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Safety Reminder Following Two Search And Rescue Efforts

Fuseworks Media
Fuseworks Media
Safety Reminder Following Two Search And Rescue Efforts

Police in Central District are reminding people to take safety precautions before heading into the bush or ranges after two rescue efforts in the last few days where searchers have had difficulty in establishing a location of the missing person.

Sadly in one of the two cases a hunter was found dead. Martin Duff, known as Darky Duff, was a 60-year-old experienced pig hunter who failed to return from a trip in bush between National Park and Turangi on Thursday.

It was not unusual for him to return late from hunting trips so the alarm wasn't raised until Saturday. His horse and two dogs were found on Sunday and Mr Duff was found dead in a pool in Waipari Stream on Monday. The cause of his death is yet unknown.

In the second incident police in Palmerston North were contacted around 3am this morning (Tuesday, 13 January) after a woman had failed to return from a walk in the Ruahines.

The 39-year-old woman from Pahiatua has been training for a sporting event and told family she was intending to go for a training walk in the Ruahines after work (around 5.45pm) before returning home.

A search for her vehicle was launched and this was found at 7am at Tamaki West Road. Around 8.35am the Square Trust helicopter and a volunteer search and rescue were preparing to enter the area when the woman was located.

It transpires that she had run out of light during her walk and was unable to see the track markers. She had some snacks and water with her but unfortunately no means of communication and was not equipped for an overnight stay. She decided to bed down for the night on the track around 4km from her car, and make her way out at first light. She was found by an officer from Dannevirke as she came out on to the road from the track, thankfully having suffered no ill effects.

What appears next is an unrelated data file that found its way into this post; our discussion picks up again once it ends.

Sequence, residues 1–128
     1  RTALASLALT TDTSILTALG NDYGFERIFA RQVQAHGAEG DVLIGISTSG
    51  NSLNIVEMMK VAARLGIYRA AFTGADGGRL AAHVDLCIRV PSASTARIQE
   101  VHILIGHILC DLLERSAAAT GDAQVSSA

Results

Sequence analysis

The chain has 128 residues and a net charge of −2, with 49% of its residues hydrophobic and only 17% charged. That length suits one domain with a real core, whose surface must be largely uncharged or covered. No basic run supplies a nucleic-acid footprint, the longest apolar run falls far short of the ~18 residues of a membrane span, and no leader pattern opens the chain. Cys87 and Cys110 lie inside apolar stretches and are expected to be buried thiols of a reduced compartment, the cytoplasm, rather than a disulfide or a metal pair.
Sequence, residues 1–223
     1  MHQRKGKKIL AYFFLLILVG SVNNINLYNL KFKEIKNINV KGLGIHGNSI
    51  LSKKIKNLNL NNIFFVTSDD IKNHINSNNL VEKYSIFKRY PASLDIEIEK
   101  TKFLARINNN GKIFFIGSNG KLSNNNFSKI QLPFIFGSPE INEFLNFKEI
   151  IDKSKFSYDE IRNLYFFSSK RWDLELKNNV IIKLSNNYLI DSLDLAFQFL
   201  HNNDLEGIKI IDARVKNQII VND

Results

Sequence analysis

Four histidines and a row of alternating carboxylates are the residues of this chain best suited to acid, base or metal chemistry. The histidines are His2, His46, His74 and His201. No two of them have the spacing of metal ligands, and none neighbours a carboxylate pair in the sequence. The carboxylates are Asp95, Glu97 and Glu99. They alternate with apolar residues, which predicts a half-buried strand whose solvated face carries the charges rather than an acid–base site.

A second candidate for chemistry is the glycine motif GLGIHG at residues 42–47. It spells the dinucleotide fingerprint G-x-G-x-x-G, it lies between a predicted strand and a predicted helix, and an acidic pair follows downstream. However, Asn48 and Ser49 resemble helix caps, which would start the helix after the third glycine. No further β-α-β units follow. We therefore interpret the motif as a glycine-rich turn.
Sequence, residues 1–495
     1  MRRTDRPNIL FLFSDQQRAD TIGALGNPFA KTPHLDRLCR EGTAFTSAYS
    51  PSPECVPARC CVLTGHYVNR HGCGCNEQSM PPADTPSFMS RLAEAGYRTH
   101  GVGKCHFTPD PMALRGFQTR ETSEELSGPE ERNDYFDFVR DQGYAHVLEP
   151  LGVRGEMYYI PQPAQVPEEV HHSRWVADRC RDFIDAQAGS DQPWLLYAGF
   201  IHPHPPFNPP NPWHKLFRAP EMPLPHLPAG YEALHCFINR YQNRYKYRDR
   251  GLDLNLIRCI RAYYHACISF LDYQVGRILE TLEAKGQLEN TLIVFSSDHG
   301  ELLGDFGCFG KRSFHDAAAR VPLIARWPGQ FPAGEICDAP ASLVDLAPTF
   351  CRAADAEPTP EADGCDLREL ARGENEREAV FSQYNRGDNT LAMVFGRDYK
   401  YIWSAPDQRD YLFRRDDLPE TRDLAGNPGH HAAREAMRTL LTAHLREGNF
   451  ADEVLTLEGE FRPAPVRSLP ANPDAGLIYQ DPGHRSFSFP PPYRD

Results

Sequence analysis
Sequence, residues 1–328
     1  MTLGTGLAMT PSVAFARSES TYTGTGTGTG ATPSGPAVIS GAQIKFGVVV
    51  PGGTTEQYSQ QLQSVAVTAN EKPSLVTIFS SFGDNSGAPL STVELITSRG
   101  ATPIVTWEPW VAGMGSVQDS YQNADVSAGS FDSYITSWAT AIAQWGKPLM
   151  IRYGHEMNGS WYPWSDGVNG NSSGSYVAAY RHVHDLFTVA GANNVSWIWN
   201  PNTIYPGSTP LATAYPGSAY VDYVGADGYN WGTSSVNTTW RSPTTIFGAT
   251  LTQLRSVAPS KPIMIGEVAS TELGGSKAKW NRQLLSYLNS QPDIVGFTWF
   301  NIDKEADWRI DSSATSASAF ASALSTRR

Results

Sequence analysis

Police search and rescue co-ordinator Constable Kevin Dalzell said: "Thankfully this morning had a happy ending but it could easily have been a different story. The biggest difficulty was not knowing where to start looking. It is vital that people who go in to the bush or ranges, no matter how experienced let a friend or family member know of their intentions, their planned location and when to expect them back. If someone is in trouble or injured that type of information for a rescue team can make the difference between life and death. Every situation is different. Hunters for instance, unlike trampers will not necessarily stick to identifiable tracks, and some people will be more experienced that others, but the basic safety precautions are the same."

He also stressed the importance of communications equipment. For regulars to these areas the best investment is some sort of GPS alert system. These can be bought at reasonable prices and at the touch of a button can notify someone that they are OK or that they are in need of urgent assistance. The systems send a GPS reading to the receiver of the alert giving their location.

If a GPS system isn't available mobile phones should still be carried as there are some areas that will pick up a signal.

Mr Dalzell added: "It is also important to monitor proposed weather conditions, considering the time of day you are setting out, know your limitations and make sure you have appropriate clothing and equipment with you."

Media enquiries should be referred to Communications Manager Kim Perks on 06 351 2546 or 027 234 8256.

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